Private schools remain a popular option

March 21, 2004|By Marina Sarris | Marina Sarris,SPECIAL TO THE SUN

For Terence McAuliffe, private school offered certain "intangibles" - a dress code, a courteous environment, good manners, "middle school kids helping lower school kids with their umbrellas."

McAuliffe and his wife have five children in fourth through 10th grade at Glenelg Country School. "I couldn't be more happy with Glenelg," he said.

He is among many Howard County parents who have chosen private school despite having access to the state's top-ranked public school system. The county is home to more than 30 nonpublic schools offering various grades from kindergarten onward.

Reasons are varied

Parents' reasons for choosing private education are as varied as the types of private schools.

Some parents chose private school because of doubts about a particular public school. However, most, like McAuliffe, say they want something they cannot get in the typical large, public school: instruction in moral values or religion, full-day kindergarten, smaller classes, a greater emphasis on the arts, or more individual instruction for children who are gifted or have different learning styles.

"I always considered my first choice was to send my children to Catholic school," said Matt Kolb of Columbia.

He and his wife, Mary, have a kindergartner and second-grader at St. Louis School, on the grounds of St. Louis Church in Clarksville.

"We feel the academics are equal to what we would find in the Howard County school system," he said, "but beyond that is the fact that spiritual life is emphasized here and worship is part of the curriculum. Our whole family life is built around the parish."

Unlike public schools, which admit everyone who lives within their district borders, private schools have admissions procedures that may include an application, entrance exam, an interview with the student or parents, and submission of transcripts and teacher recommendations.

Prices vary by school and grade, with financial aid offered at some schools. An informal survey of selected schools found tuition ranging from $4,500 to almost $17,000 for the academic year.

Kolb said that, for his family, financing a parochial school education at St. Louis is a priority.

"We sacrifice a great deal financially because we are paying to send our children here," he said. "We feel that that comes first."

80-year-old school

The 80-year-old St. Louis is one of a half-dozen Roman Catholic schools in the county. On Route 108 west of River Hill, it has about 515 students in kindergarten through eighth grade.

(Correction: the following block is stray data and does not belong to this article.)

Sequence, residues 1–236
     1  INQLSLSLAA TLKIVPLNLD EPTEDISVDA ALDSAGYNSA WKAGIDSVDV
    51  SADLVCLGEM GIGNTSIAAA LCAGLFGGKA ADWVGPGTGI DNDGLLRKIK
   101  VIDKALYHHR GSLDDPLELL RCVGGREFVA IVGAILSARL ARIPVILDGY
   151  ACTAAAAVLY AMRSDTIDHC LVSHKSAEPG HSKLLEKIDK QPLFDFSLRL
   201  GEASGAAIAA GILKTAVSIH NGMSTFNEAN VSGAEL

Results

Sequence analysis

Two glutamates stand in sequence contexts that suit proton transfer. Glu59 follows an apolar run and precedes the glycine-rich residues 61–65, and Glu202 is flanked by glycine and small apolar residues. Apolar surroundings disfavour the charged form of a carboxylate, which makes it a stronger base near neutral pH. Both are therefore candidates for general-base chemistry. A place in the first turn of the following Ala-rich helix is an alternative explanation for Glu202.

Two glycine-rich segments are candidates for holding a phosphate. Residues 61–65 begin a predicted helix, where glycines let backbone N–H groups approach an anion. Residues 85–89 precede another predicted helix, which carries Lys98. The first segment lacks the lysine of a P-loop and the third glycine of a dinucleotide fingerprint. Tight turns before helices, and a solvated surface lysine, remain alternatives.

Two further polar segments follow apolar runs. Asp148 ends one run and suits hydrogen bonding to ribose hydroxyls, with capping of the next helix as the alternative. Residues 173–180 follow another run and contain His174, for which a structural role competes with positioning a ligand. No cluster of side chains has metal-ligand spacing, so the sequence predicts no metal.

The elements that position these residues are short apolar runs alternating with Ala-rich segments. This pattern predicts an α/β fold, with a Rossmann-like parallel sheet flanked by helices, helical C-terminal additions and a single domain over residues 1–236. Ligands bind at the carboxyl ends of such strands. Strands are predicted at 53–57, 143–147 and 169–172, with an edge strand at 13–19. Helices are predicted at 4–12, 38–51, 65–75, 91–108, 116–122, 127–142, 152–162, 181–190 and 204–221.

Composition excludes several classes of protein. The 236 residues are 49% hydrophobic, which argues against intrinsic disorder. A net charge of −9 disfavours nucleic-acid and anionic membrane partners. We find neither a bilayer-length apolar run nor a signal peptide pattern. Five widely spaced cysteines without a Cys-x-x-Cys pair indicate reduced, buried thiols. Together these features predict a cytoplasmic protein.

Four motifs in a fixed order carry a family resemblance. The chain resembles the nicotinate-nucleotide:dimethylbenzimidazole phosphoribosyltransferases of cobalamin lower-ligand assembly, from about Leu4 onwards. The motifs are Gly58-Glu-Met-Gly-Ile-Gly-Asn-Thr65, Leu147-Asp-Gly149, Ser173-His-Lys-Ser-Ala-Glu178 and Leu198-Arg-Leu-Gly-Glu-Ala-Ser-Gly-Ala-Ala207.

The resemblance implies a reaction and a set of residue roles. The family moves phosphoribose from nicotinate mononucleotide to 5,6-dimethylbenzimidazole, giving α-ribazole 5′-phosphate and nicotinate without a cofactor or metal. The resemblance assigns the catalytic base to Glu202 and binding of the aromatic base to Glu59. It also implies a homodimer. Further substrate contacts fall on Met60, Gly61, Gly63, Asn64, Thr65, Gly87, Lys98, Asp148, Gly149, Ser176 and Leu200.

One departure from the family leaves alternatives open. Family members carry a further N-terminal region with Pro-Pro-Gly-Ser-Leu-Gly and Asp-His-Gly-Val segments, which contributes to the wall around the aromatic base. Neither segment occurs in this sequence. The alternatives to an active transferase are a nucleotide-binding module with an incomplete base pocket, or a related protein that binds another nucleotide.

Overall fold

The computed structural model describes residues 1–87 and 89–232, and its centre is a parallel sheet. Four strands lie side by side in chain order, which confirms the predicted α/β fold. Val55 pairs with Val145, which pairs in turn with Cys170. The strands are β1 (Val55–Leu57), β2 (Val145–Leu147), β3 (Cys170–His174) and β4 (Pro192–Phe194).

Parents choose St. Louis because religion is woven throughout the curriculum, said Principal Terry Weiss.

"We talk about our religion in math class, in history and in science class," she said. "I think that's what parents want. They want their children to be free to express their faith and ask questions about their faith at any time throughout the day."

Prayer is also a big part of the school day. "We pray every morning over the P.A. together as a community," she said. "We pray every afternoon as a community."

The county has many nonreligious private schools, some with long histories.

Glenelg Country School was founded in 1954 in a manor-type house, part of which dates to the 1700s. The coeducational, college-preparatory school is on 87 acres in a rural section of the county, outside Ellicott City.

Enrollment of 750

The school has about 750 students in pre-kindergarten through 12th grade. Average class sizes range from 14 to 17, depending on grade. As a result, teachers can give students more attention, said Headmaster Ryland Chapman III.

"If you are a good teacher and have a class of 12 to 15, you can do a better job than if you're a good teacher and have a class of 25 to 30," he said.

Almost 100 percent of the graduating students go to college, with 85 percent gaining acceptance to their first-choice school, he said.

Among county public school students, 87 percent of the Class of 2003 enrolled in two- or four-year colleges.

Hard work stressed

Chapman said that Glenelg stresses "courtesy, respect, civility, hard work, effort at your academics and community service" - the "intangibles" cited by McAuliffe.

For parents who prefer the educational philosophy developed by Maria Montessori a century ago, there are several programs in the county.

The Julia Brown Montessori Schools operate at locations in Columbia and Laurel, with a combined total of 250 children in preschool through third grade.

"Montessori is based on the philosophy of children being able to be independent and to solve problems. It is not everyone sitting at a desk doing the same thing at the same time," explained Theresa Leonhart, assistant director for Julia Brown schools.

Traditional Montessori schools, they have children of different ages learning in the same classroom. Primary classes are made up of children ages 2 1/2 to 5 1/2 , while first-, second- and third-graders make up their own classes.

`At their own pace'

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